Well, it depends... (only vintage gives the true lo-fi grit, but you probably know that already) D-05 gives you a lot of presets (if you can stand them) and the size is unbeatable. The Roland Cloud D-50 vst also sound spot on - low bitdepth and all - but at the moment you have to agree on Rolands cloud business model and I don't.
The D-50 (and D-05) has an earlier (1st gen), more convulted version of LA-synthesis. Sound parameters can be found all over the the place and it is "messy" but gives you the most of possibilities for transforming the sound, more LFO´s, EQ and FX. D-50 and D-05 are only monotimbral. (There was an expansionboard for D-50 that made it bitimbral I think, but it is rare)
For the 2nd gen (D-110/20/10/5) Roland simplified and reduced the amount of parameters (the only LFO here is a joke and only affects pitch), they included more samples (TR-707-style drumsamples that can be edited!) and added some more "structures" (the basic set up between oscillators & ringmod). If you use a D-110/10/20/5 in multitimbral mode everything is much more collected and straightforward. IMHO it is a lot easier to navigate this architechure even though some parameters are "missing". It makes sense in a way because you are using more sounds for arranging a track anyway. (Some D-50 sounds are more like one track of its own, like the Wavestation presets... They can sound cool but are hardly useful and sounds very dated.)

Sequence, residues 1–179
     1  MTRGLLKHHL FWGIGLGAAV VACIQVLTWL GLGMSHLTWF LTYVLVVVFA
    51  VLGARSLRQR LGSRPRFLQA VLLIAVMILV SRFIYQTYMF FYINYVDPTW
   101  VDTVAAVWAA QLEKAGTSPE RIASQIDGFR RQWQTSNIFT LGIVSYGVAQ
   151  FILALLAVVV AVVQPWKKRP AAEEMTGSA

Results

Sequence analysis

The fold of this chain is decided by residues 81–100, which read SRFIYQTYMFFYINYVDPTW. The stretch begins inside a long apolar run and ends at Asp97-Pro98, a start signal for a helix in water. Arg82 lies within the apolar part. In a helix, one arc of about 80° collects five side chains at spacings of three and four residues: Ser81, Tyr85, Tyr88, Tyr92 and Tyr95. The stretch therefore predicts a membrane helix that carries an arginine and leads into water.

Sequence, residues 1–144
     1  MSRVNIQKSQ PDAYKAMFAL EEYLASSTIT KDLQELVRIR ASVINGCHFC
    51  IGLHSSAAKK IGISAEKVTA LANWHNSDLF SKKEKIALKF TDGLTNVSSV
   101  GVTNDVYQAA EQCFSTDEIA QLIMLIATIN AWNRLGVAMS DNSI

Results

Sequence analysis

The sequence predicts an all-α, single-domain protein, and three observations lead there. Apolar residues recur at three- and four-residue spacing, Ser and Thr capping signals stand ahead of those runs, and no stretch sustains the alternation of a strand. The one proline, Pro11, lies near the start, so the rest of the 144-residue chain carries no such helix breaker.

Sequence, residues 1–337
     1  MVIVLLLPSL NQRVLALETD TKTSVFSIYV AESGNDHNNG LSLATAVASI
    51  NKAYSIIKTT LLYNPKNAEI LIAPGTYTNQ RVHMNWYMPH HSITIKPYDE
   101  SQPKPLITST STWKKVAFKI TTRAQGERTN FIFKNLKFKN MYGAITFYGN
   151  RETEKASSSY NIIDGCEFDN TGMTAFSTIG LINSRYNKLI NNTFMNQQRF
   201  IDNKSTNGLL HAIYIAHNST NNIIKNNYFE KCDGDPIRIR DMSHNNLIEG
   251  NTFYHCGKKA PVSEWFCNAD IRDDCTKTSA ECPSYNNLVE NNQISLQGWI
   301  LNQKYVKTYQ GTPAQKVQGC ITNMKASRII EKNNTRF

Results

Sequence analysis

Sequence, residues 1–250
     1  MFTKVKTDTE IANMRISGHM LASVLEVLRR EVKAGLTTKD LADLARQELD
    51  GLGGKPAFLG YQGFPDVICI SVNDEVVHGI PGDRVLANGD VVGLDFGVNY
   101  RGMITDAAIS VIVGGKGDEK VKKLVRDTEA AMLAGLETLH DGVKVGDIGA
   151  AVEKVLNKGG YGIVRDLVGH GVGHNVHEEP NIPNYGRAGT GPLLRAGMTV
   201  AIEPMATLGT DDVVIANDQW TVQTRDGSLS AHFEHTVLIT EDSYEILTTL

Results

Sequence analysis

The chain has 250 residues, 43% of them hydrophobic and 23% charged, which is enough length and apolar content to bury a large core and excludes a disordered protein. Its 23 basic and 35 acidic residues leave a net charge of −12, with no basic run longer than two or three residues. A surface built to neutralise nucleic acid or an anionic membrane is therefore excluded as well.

So, I would say... D-50/D-05 for the full "original" LA-synthesis and D-110/20/10/5 for digital Lo-Fi track experiments/compositions.
If you just go "outside/beyond" some of the regular settings for the D-series synth parameters there is a lot of fun stuff you can come up with. The drumsamples in the 2nd gen are invaluable I think since they can be edited and combined beyond recognition. (the beats on autechre's "Djarum" sound totally like the stuff I used to do on the D-20. For a long time I only owned that synth and I know it inside out. Its unique quirks and oddities makes it still really useful and fun, especially if you like more experimental electronic music.)